I was honored to teach at the NECRWA Let Your Imagination Take Flight Conference over the last weekend of April.
I’m in the process of follow up from the conference. I usually try to get it done in the first two business days after I return. I was so wiped out from the month of April that I crashed and burned last week, and I’m still working on my usual post-conference protocols.
I’ve written about this before, last year, in the Authors Publish newsletter. I haven’t referred to that copy for this post — I’m simply sharing what I do. Returning from a conference can be overwhelming, when you unpack and look at all you’ve brought back.
Thank the Conference Organizers
I believe this is the most important piece of follow-up. It takes an enormous amount of time, energy, and emotional stamina as well as physical stamina to put on a conference. The organizers deserve a little thanks.
I thanked them in person on the final night, and I’ve thanked them across several social media platforms.
I’m behind in the written thank you, but that went out at the beginning of the week.
All of that matters.
Send out Promised Materials
Did you meet with any agents or editors? Did they ask for something specific? Get it out, as soon as possible. Some of them will ask you to wait a week or two after the conference, because they have a lot to catch up on. Make a note on your calendar, and send it when requested.
Make sure to send the materials while it’s still fresh for them.
This is also true if it was a trade show style conference and you spoke with vendors about possible freelance jobs.
If you talked to agents, editors, or publishers who didn’t ask for anything specific, just send them a quick note or email saying you enjoyed the conversation. Not every interaction has to be an immediate submission. There are plenty of agents and editors I love talking to at conferences. But I don’t write what they represent or publish, so I don’t submit or query what they don’t want. I do, however, keep in touch. If I ever do write something in their wheelhouse, I’ve laid the basis for a relationship.
If you met a potential critique partner and talked about exchanging manuscripts, or a fellow writer, where you did a book exchange, send the materials or say thanks. If it was a book exchange in the moment, make the time to sit down and read the book within the next two weeks. Tossing it on the TBR pile and not getting to it for a year isn’t helpful. Be the partner that you seek.
Did you attend presentations you particularly enjoyed? Most presenters include their website or social media information in their presentation or handouts. Send them a quick e-mail and thank them on social media.
Even if we intellectually know our presentations went well, it’s a big emotional boost when a participant takes the time to say “thank you.”
Follow up with fellow conference goers
I collect cards, flyers, bookmarks, postcards from everyone. If we’ve had a conversation, I follow up as soon as possible, either to say I enjoyed the conversation, or to continue it.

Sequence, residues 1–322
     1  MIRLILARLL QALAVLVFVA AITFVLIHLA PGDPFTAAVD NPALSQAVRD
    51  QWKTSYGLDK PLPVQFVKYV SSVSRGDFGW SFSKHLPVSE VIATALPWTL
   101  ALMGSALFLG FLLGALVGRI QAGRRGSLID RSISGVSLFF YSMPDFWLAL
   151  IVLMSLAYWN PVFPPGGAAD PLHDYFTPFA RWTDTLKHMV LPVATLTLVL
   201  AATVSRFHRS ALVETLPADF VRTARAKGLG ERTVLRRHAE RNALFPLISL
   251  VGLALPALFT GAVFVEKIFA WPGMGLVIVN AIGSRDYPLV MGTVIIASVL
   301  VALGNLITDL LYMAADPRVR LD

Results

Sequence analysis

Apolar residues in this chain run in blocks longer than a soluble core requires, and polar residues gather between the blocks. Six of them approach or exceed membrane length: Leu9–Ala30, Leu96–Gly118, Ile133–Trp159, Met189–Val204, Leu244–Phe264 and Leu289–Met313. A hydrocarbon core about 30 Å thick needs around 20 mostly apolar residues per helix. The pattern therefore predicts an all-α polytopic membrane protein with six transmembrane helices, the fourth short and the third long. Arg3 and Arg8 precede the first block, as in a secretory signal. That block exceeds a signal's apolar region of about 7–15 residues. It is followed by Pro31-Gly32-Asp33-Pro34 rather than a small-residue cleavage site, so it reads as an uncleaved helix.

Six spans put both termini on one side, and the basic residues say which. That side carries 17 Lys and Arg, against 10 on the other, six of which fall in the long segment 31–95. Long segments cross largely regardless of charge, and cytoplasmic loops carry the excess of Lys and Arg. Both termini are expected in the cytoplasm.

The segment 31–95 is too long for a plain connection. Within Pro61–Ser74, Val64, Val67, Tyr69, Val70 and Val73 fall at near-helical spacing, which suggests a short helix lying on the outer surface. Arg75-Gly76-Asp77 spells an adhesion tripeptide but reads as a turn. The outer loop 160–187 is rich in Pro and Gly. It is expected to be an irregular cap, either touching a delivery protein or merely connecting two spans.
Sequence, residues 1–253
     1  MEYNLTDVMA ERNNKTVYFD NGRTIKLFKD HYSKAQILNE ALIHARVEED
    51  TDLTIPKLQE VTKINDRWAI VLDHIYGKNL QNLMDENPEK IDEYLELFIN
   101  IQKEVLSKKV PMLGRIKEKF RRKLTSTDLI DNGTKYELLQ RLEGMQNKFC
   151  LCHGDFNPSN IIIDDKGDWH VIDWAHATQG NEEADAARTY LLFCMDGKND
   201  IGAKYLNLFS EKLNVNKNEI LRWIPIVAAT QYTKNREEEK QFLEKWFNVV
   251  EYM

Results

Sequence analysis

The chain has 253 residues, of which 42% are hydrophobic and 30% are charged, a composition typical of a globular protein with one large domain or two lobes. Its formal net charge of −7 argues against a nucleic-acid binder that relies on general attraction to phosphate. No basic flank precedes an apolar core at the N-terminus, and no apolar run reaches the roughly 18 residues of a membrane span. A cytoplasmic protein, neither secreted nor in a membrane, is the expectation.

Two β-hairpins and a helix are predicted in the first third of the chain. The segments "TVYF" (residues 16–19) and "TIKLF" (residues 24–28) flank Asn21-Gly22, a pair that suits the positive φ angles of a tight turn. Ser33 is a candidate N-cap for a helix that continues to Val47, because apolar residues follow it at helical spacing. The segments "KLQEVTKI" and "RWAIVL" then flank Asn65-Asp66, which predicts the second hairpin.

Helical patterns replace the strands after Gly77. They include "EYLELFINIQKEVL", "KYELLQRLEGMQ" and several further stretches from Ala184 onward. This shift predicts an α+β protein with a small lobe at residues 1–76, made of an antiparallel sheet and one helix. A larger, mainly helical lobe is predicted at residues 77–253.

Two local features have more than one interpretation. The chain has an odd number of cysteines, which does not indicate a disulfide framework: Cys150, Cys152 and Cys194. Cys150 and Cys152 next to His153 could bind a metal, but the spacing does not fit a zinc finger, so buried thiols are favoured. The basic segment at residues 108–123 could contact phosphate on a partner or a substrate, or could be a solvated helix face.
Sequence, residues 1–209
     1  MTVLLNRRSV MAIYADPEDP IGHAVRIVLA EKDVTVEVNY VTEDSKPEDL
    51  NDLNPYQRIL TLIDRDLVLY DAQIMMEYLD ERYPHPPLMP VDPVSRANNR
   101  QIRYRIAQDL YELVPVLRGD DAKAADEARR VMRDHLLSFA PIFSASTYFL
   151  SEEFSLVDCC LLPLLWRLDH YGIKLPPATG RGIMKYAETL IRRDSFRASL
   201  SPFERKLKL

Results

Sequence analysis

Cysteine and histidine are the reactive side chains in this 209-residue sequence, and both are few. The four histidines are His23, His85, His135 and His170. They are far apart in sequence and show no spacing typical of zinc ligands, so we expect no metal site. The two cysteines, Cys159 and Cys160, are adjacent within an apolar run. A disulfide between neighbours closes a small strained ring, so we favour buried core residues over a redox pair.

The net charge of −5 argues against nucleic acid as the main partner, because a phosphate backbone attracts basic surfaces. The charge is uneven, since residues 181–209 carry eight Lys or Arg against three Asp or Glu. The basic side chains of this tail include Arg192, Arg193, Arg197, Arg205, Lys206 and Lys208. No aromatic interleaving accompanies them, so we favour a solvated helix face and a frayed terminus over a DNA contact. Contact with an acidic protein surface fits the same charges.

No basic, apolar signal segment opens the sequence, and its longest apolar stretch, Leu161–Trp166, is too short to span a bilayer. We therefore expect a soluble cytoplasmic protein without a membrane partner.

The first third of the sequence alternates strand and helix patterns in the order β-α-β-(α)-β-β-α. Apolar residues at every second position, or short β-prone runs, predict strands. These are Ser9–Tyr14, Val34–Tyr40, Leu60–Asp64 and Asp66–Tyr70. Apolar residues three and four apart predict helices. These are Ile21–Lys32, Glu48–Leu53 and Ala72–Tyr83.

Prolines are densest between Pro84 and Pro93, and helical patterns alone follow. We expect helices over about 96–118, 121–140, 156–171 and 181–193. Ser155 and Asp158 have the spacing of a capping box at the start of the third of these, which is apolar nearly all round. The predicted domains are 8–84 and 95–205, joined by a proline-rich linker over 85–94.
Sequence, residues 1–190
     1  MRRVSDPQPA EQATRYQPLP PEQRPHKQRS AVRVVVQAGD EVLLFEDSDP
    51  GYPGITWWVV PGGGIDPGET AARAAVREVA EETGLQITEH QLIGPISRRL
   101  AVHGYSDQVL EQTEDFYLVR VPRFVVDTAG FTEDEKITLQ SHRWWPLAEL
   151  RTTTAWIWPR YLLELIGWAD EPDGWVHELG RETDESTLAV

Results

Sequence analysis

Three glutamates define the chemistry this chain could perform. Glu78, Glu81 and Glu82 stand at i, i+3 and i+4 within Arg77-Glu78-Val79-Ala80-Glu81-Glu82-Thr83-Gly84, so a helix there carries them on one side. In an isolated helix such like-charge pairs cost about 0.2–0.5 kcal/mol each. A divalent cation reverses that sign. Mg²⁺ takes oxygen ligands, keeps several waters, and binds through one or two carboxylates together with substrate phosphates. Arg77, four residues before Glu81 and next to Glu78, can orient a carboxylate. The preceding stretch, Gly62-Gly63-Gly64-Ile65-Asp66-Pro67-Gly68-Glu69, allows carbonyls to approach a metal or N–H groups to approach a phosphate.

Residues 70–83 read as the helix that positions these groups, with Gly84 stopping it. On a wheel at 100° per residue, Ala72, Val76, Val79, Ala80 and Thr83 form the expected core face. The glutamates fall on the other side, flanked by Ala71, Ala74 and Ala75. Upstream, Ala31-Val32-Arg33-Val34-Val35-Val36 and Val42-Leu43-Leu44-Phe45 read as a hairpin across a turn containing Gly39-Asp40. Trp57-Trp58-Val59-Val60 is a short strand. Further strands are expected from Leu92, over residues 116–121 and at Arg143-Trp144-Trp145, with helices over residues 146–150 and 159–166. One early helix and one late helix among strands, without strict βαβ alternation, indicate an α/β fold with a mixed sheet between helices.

Sort the Swag
In addition to picking up material from those I meet, I also accumulate plenty of material from those I didn’t.
When I get home, I sort it.
Agents, Editors, Publishers go in one pile. This is AFTER I follow up with promised materials, as stated above.
Authors I met go in another pile.
Authors I didn’t meet, but picked up material go in a third pile.
I follow up with authors I met first. That includes buying at least one of their books, if I didn’t do so at the conference. And reading that book in a timely manner. And then, LET THEM KNOW YOU READ IT — especially if you liked it. Leaving a review is also helpful.
I research the agents, editors, and publishers, especially if I didn’t get a chance to meet or cross paths with them at the conference. Do I have anything I think will suit? Does what I have meet their guidelines? Are they open for queries?
There have been times when I’ve been signed with an agent, and I run into an editor or publisher at a conference with whom I click. I then discuss it with my agent, and together we decide if there’s anything to query, or if we save it for another time.
If I have good conversations with an agent or agents while l’m under representation, I let them know. I don’t want my agent to feel I’m doing anything behind their back; I don’t want the agent I talk with to think I’m behaving that way either.
I go through the pile of authors I didn’t meet last, and check out their books and websites. Conferences are one of my favorite ways to find new-to-me authors.
I have files of conference programs, handouts, and promotional materials. I often remember a particular author or business by which conference I “discovered” them, so that’s how I file. I file the information AFTER I’ve done all of the above, because if I put away a file, my subconscious believes I’ve finished the project. I need unfinished files in front of me.
I keep files for far too long. Basically, I have an Archive. But that’s my choice. Do what suits you.
Normally, I’d have my initial contacts done early in the first week I was back, and be working my way through the Authors-I-Didn’t-Meet pile. But I’m behind, so I’m still working on thanking presenters and following up with other authors I met.
If the above sounds like a lot of work — hey, it is! But it pays off in connections and building friendships and finding great new reading material.
It’s all worth it.